Now very frankly, we don't know for sure when that evening sacrifice happened. It may have been three o’clock, mid-afternoon. Or it may have been twilight or it may have varied a little. We don't know exactly. But if it was three o’clock, isn't it interesting that Matthew tells us that when Jesus cried out, “My God, My God, why have You forsaken Me?” it was what time? The ninth hour, Matthew says. Counting from six o’clock in the morning, the ninth hour was? Three in the afternoon. Is Matthew telling his readers that it happened about the time of the evening sacrifice? I don't know, but here's what I want to tell you, my friends. I'm not sure about those but here's what I want to tell you. When you gather for worship on the evening of the Lord's Day, you are not simply doing something that goes back five hundred years in the reformed tradition; you’re doing something that goes back three thousand years at least to the time of David and Solomon and the morning and evening sacrifice. So here's my word to you. Bless the Lord by night. Take peculiar delight in the Lord's Day evening worship. When you do so, you are participating in worship that stretches back at least three thousand years to the time of David and Solomon and the Levites in the temple and has characterized the worship of the people of God ever since. One of the things that I love about First Presbyterian Church is that we love to open and close the Lord's Day in the house of the Lord. Do not take that for granted. Bless the Lord by night.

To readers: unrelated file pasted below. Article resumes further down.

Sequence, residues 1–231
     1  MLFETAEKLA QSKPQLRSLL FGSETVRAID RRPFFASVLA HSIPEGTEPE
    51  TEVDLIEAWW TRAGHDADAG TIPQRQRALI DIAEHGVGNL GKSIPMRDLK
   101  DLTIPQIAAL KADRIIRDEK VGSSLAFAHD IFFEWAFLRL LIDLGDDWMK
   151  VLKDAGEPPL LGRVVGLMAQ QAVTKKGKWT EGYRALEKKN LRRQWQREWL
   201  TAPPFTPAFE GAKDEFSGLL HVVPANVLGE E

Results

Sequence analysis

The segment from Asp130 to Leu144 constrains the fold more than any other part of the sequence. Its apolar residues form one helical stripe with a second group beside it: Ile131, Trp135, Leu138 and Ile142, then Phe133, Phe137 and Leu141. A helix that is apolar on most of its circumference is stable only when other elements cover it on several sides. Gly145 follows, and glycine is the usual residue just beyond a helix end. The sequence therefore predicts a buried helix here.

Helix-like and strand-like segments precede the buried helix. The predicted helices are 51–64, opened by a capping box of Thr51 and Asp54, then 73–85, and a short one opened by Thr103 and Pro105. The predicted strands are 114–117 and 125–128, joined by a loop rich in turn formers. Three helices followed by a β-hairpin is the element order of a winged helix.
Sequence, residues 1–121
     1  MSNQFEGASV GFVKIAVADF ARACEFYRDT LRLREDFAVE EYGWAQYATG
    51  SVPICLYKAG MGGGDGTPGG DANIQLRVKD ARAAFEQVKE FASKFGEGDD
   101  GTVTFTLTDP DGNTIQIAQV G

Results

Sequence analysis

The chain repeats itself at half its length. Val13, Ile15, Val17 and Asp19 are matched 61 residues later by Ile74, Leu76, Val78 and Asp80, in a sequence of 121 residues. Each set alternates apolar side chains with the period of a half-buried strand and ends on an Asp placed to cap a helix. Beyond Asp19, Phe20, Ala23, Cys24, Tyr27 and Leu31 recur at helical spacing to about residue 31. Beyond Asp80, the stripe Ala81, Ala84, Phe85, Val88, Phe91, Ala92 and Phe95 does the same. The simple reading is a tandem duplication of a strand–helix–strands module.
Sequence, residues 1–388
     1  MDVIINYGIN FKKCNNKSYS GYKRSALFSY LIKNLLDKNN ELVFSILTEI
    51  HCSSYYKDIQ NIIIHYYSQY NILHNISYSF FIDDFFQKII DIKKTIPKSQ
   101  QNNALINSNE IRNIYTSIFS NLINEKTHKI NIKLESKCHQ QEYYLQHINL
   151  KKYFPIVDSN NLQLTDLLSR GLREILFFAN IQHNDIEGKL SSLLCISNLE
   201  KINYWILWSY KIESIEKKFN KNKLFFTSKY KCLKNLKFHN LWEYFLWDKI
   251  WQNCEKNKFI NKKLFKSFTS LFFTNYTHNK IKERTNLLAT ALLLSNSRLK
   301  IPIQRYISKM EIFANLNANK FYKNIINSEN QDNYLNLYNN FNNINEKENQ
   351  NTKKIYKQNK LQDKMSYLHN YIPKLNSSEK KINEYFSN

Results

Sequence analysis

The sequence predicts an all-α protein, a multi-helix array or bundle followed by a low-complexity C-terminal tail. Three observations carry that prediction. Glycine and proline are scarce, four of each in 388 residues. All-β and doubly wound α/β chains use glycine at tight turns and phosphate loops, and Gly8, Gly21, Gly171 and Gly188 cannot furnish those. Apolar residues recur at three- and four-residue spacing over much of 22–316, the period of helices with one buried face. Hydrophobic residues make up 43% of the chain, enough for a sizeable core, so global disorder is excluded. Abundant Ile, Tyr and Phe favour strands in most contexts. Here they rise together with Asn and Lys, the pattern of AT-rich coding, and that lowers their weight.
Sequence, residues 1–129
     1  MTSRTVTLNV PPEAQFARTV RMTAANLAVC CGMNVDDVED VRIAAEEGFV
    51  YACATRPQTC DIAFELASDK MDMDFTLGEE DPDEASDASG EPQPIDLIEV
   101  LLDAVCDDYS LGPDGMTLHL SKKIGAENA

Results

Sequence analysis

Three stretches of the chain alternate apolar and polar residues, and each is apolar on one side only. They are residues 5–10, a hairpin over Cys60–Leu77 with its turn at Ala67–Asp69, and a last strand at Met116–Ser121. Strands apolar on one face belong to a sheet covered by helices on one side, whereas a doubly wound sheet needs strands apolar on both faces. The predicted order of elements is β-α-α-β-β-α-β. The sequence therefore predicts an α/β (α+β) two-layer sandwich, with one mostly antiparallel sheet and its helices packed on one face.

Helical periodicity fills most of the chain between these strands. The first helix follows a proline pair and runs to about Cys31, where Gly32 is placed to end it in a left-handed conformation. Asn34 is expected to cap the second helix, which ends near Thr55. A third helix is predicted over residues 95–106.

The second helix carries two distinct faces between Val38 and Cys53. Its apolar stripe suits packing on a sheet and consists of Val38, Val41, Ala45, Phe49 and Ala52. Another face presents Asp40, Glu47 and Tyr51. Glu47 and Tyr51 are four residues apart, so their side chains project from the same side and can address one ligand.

BLESS THE LORD BY LIFTING UP HANDS
Third thing — bless the Lord by lifting up your hands. Now am I calling for hand raising at First Presbyterian Church? What's that? What do you mean, “lift up your hands”? What does it mean – to the sanctuary, to the holy place, in the sanctuary, lift up holy hands — what does it mean? Well, lifting up hands in the Bible is a posture of? Prayer! It's a way in which you show honor to God in public prayer. By the way, that's why Presbyterian ministers lift up their hands in the prayer of adoration and invocation in a worship service. We’re just following a Biblical posture of prayer. It's the most common Biblical posture of prayer. There are multiple Biblical postures of prayer. One Biblical posture of prayer is being totally prostrate on the floor on the ground spread out before the Lord. But another posture of prayer is with your hands lifted up to God. And the call to “lift up your hands to the holy place” or “to the sanctuary” or “in the holy place” are possibly to lift up your hands in holiness. Maybe that's what Paul is catching on to in 1 Timothy chapter 2 — “Lift up holy hands in every place” — is a call to bless the Lord by prayer, to pray to the Lord in the house of the Lord. What does Jesus say? “My Father's house is a house of prayer,” so bless the Lord by prayer in the house of the Lord.